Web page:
Leah conceives again and gives birth to her fifth son, יִשָּׂשכָר Issachar for God hath given me my hire, because I gave my handmaid to my husband (30:18).

Leah gives birth to her sixth son, זְבֻלוּן, Zebulun for God hath endowed me with a good dowry; now will my husband dwell with me, because I have borne him six sons (30:20).)

Leah also gives birth to a daughter, דִּינָה Dinah.

G-d then remembers Rachel and opens up her womb and she gves birth to her first child, saying God hath taken away my reproach (30:23) and she calls him יוֹסֵף Joseph for she said May G-d add to me another son(30:24). 

After Rachel gave birth to Joseph, Jacob requests of Laban to send him away and allow him to return to his home and his land. Jacob and Laban agree that, as a means of payment of Jacobs wages, Jacob will inspect Labans flocks, taking all the sheep and goats that are speckled or spotted, along with all the black sheep, so that, in the future, if any of Jacobs flocks are not speckled, spotted or black, it will be obvious as stolen. However, that day, Laban removes all the goats that were speckled or spotted and all the black sheep, and gives them to his sons. Jacob takes fresh-cut branches from the popular, almond and plane trees and peels white streaks in them. He places the branches in the gutters in the water troughs where the flocks came to drink, And the flocks conceived at the sight of the rods, and the flocks brought forth streaked, speckled, and spotted (30:39).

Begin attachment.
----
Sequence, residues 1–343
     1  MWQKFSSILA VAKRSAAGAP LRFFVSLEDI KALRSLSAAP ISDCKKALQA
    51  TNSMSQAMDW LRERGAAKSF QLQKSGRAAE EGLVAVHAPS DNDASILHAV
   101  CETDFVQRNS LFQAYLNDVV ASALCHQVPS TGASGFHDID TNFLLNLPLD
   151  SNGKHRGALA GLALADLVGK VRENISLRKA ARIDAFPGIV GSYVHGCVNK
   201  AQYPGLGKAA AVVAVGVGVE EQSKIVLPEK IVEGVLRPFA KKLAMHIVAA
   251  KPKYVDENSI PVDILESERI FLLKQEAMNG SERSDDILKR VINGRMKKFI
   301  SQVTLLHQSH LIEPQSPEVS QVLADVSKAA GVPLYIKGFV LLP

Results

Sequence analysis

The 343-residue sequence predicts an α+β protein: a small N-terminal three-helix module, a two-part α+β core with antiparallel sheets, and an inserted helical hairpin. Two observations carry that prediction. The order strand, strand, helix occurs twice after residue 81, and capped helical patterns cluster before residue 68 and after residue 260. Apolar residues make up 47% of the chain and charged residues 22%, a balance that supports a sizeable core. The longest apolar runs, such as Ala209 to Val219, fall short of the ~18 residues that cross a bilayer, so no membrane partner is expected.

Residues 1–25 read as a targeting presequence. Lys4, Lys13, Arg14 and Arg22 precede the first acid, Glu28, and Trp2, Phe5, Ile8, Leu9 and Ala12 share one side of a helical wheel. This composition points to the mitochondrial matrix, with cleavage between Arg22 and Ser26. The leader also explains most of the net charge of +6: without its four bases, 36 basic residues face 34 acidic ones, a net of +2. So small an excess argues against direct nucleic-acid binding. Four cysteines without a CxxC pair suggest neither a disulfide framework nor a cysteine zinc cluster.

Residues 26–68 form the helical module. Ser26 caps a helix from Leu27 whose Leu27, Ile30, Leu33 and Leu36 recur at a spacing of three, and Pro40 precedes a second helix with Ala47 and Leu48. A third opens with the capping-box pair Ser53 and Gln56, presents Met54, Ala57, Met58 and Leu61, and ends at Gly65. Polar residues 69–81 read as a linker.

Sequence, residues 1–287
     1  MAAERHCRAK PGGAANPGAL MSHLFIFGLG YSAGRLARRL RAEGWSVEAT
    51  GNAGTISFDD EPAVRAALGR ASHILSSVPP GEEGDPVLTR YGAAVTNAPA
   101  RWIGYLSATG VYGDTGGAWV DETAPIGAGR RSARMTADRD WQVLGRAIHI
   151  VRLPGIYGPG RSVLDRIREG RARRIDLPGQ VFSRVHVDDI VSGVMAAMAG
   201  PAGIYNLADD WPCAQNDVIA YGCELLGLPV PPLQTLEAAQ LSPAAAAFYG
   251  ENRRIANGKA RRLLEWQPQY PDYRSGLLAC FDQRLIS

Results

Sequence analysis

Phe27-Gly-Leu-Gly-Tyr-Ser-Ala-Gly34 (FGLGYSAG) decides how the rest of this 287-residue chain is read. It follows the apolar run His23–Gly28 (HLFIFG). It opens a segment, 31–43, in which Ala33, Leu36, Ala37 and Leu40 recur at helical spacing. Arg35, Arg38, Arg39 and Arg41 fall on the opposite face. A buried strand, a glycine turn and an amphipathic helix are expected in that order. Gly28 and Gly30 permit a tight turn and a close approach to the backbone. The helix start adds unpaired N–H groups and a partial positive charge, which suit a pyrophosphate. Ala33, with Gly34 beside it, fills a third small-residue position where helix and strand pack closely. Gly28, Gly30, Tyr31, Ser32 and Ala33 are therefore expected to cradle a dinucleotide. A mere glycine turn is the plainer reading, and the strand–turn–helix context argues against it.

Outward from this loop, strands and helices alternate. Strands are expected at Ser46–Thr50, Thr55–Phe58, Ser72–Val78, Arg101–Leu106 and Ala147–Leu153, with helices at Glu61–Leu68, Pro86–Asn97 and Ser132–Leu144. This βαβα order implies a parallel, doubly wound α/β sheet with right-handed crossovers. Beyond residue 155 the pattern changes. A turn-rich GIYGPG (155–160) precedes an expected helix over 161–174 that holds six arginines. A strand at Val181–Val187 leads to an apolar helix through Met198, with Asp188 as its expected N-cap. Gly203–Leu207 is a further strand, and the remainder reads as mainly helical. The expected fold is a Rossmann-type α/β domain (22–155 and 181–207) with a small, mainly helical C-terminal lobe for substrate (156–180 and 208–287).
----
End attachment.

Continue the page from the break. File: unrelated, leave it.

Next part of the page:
In this way, Jacob soon becomes exceedingly prosperous, with large flocks of sheep and goats, female and male servants, and many camels and donkeys (30:43).

G-d then instructs Jacob to return to the land of his fathers and Jacob calls to Rachel and Leah and explains to them how Laban has mistreated him throughout the years. Without notifying Laban, Jacob rises, sets his sons and wives onto the camels, and carries away all his cattle, and all his substance which he had gathered, the cattle of his getting, which he had gathered in Paddan-aram, to go to Isaac his father to the land of Canaan (31:18).

Laban had gone to shear his sheep and Rachel steals her fathers teraphim תְּרָפִים (idols). After three days, Laban is informed that Jacob has fled. Laban and his kinsmen chase after Jacob, catching up with him after seven days. G-d comes to Laban in a dream and warns him not to harm Jacob. Laban accuses Jacob of stealing his idols and Jacob vows The one with whom you find your gods shall not live for he did not know that Rachel had taken them (31:32).